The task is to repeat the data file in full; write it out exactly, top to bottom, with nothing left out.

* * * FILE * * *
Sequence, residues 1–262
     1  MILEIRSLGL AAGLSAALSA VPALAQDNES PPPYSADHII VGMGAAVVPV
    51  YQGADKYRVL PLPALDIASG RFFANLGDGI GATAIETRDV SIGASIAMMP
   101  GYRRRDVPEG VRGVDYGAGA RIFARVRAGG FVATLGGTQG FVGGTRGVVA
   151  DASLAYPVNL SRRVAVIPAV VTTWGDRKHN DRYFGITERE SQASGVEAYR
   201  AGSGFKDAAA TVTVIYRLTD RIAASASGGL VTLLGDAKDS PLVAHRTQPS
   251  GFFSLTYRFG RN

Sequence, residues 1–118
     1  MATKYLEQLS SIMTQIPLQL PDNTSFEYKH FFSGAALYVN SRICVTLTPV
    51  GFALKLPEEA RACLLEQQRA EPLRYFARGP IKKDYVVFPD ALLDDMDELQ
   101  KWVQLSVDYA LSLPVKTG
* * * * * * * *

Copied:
Sequence, residues 1–262
     1  MILEIRSLGL AAGLSAALSA VPALAQDNES PPPYSADHII VGMGAAVVPV
    51  YQGADKYRVL PLPALDIASG RFFANLGDGI GATAIETRDV SIGASIAMMP
   101  GYRRRDVPEG VRGVDYGAGA RIFARVRAGG FVATLGGTQG FVGGTRGVVA
   151  DASLAYPVNL SRRVAVIPAV VTTWGDRKHN DRYFGITERE SQASGVEAYR
   201  AGSGFKDAAA TVTVIYRLTD RIAASASGGL VTLLGDAKDS PLVAHRTQPS
   251  GFFSLTYRFG RN

Sequence, residues 1–118
     1  MATKYLEQLS SIMTQIPLQL PDNTSFEYKH FFSGAALYVN SRICVTLTPV
    51  GFALKLPEEA RACLLEQQRA EPLRYFARGP IKKDYVVFPD ALLDDMDELQ
   101  KWVQLSVDYA LSLPVKTG